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Liverpool slip up again vs. Palace as Christian Benteke haunts former club

LIVERPOOL, England -- Three points from Liverpool's 2-1 defeat to Crystal Palace at Anfield in the Premier League.

1. Liverpool slip up again 

Where would Liverpool be now if they could stop slipping up against bottom-half clubs? Given that a win here would have put them two points behind title-chasing Tottenham, it doesn't take a wild leap of imagination. After two hard-fought wins away at Stoke and West Bromwich Albion, it seemed that Jurgen Klopp's side had cracked it. Apparently not. 

This was Liverpool's season encapsulated. They started well enough, controlling the game and forcing Crystal Palace back into their own half. They didn't make many clear-cut chances, but Philippe Coutinho fired in a breathtaking free kick and it didn't seem as though they needed much more. But then they got sloppy.

Crystal PalaceCrystal Palace
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Two minutes before half-time, Yohan Cabaye fizzed in a perfectly weighted low cross and former Red Christian Benteke was there to slam it home in front of the Kop, something he didn't do very often when he was employed here. Liverpool came back at Palace after the break, renewed and refocused, but again they failed to make their possession count and again, they slipped up at the other end, failing to deal with a routine corner and allowing Benteke to make this a very happy return to Anfield.

This is hardly the first time that Liverpool have been so careless. They pick up, on average, 1.68 points a game against teams outside the top seven. When pitted against the division's best, they score 2.16. That must be maddening to their supporters, especially when there were chances to put the game beyond reach long before half-time. 

On 28 minutes, James Milner drilled in a cross from the left that Divock Origi somehow failed to reach. Fortunately for Origi, it wasn't long before Emre Can served up a blooper that covered his blushes. Georginio Wijnaldum, linking up with Milner to good effect on the left, burst into the box and cut the ball back to Can in the centre of the box. Can's shot, however, pinged off at a right angle. Liverpool would pay for that profligacy. 

Palace were without inspirational Liverpool loanee Mamadou Sakho here, but only on the teamsheet. On the bench, he was very much in attendance. The French defender was seen celebrating Palace's equaliser against his employers. Sakho has been something of a cult hero for Palace in his short time on loan at Selhurst Park. He may wish to consider making that move permanent, as it seems unlikely that he will be forgiven at Anfield for this breach of etiquette any time soon. 

2. Benteke's happy return 

It is the immutable law of the ex; the near-guarantee that any maligned striker, upon his return to the site of his travails, will score. There is no point in any Liverpool fan being angry with Benteke. He was simply fulfilling his destiny. The smile of satisfaction on the face of Sam Allardyce suggested that he saw all this coming too.

Christian Benteke celebrates his first goal with Mamadou Sakho, on loan at Palace from Liverpool.
Christian Benteke's brace gave him five goals at Anfield as a visiting player, compared to four while a member of Liverpool.

But it had all looked very different three minutes earlier. There were roars of approval when referee Andre Marriner booked the big Belgian for going down too easily under the lightest of nudges from Dejan Lovren. Given that Middlesbrough's Gaston Ramierez was dismissed after first picking up a yellow for diving on Saturday, could this have been a portent for a very different law of the ex? Nope. So it was prophesied, so it shall be. Benteke was bound for the scoresheet, not once but twice.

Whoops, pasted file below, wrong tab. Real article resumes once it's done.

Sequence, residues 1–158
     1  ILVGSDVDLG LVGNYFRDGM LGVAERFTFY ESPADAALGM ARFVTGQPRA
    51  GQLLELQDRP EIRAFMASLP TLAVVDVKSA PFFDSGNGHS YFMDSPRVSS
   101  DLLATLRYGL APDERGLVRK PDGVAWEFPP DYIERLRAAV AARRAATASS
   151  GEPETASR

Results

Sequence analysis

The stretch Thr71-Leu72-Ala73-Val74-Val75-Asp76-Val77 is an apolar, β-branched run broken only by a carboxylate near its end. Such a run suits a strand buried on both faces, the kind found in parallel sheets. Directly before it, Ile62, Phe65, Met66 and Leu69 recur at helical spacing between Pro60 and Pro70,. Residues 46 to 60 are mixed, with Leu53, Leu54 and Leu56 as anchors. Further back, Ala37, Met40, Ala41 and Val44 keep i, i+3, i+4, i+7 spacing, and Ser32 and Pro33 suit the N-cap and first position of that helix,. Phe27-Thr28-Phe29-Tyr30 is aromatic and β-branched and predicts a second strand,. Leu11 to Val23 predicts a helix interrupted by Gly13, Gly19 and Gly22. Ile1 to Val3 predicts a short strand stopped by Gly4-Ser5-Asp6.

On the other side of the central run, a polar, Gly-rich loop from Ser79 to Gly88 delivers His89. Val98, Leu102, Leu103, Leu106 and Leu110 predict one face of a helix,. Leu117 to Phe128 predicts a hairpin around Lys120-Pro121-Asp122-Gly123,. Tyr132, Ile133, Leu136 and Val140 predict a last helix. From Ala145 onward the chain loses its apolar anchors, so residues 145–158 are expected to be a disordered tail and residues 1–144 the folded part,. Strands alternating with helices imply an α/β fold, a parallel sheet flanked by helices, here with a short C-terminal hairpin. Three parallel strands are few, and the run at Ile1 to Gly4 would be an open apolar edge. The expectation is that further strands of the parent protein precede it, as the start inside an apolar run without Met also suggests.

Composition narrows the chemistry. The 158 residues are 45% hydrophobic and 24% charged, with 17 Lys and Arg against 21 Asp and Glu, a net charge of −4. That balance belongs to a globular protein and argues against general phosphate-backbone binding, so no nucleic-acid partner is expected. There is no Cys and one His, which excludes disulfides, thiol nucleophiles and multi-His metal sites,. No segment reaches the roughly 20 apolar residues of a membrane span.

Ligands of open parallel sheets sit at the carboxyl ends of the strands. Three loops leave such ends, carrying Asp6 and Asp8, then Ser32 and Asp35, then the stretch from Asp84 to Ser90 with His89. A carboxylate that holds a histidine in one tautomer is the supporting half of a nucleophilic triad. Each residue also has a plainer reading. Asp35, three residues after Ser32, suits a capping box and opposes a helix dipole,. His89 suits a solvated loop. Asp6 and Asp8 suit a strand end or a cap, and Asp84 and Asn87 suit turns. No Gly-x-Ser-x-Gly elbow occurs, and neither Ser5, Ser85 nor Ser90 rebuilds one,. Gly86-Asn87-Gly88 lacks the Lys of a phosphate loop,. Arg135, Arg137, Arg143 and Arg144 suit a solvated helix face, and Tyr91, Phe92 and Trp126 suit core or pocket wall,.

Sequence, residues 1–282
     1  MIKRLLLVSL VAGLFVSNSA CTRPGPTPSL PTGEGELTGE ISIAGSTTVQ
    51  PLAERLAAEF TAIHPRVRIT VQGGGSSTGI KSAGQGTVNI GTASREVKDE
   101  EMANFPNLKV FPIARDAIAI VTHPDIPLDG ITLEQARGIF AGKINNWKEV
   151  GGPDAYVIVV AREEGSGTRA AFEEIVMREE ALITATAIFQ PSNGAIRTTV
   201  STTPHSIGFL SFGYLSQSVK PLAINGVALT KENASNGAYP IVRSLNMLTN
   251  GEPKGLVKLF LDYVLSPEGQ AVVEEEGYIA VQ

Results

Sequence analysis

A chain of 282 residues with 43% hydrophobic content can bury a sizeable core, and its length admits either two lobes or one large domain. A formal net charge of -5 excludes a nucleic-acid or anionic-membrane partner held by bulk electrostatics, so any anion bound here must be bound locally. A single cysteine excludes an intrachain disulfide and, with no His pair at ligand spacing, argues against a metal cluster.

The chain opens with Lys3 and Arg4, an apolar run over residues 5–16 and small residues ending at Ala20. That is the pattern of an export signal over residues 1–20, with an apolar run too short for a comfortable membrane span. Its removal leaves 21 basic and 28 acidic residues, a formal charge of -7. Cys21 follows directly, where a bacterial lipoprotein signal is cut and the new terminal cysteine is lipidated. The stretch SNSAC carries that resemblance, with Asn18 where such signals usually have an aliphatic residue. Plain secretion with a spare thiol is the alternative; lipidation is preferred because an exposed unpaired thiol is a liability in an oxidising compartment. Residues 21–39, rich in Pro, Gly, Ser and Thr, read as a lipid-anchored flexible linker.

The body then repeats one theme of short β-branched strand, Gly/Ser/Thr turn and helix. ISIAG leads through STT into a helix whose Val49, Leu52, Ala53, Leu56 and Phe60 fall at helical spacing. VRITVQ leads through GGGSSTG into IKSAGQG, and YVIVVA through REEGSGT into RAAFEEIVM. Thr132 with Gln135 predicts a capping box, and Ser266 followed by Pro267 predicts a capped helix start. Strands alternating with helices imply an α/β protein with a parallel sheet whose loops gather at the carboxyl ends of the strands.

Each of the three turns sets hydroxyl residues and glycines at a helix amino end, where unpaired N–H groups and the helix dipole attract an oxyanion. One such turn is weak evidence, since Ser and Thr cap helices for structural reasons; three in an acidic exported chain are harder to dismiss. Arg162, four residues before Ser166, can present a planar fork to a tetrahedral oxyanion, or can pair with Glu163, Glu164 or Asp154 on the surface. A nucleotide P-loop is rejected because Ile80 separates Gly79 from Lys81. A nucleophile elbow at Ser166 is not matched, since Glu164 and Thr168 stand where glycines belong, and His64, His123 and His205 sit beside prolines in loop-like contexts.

At £27million plus £5m in add-ons he was Crystal Palace's record purchase. As these two goals have pushed Palace up to 38 points and all but eliminated any possibility of relegation, you'd have to say that it's money well spent. 

3. Coutinho can't do it alone

In the absence of Sadio Mane and Adam Lallana, creative responsibilities fall heavily on the slender shoulders of Coutinho. But he cannot do it all alone. Before kick-off, Jurgen Klopp was philosophical about a squad so weak that the majority of the substitute's bench would struggle to be served alcohol without producing ID, but privately he must wonder if this is sustainable. Ten years ago, there was an entrenched big four who seemed to secure Champions League qualification whatever happened. Those days have gone. There are now seven teams with designs on that competition and there is no margin for error. 

Coutinho, nevertheless, excelled. His goal, a wonderfully accurate free kick that gave Palace goalkeeper Wayne Hennessey no chance, will provide the bedrock for hundreds of Europop-soundtracked YouTube compilations, but his contributions elsewhere brought reassurance to the home fans as the second half seemed to ebb away. 

Poor Martin Kelly, once of this parish, was left bamboozled by Coutinho's artistry shortly after half-time, zigging when the Brazilian zagged, almost losing his footing in the process. Moments later, Coutinho cut in from the left and beat nearly every man in the Palace defence, only to see his eventual shot blocked. But it wasn't enough. Liverpool need more. This summer, they need to spend again. 

Iain Macintosh covers the Premier League and Champions League for ESPN FC. Follow him on Twitter @IainMacintosh.


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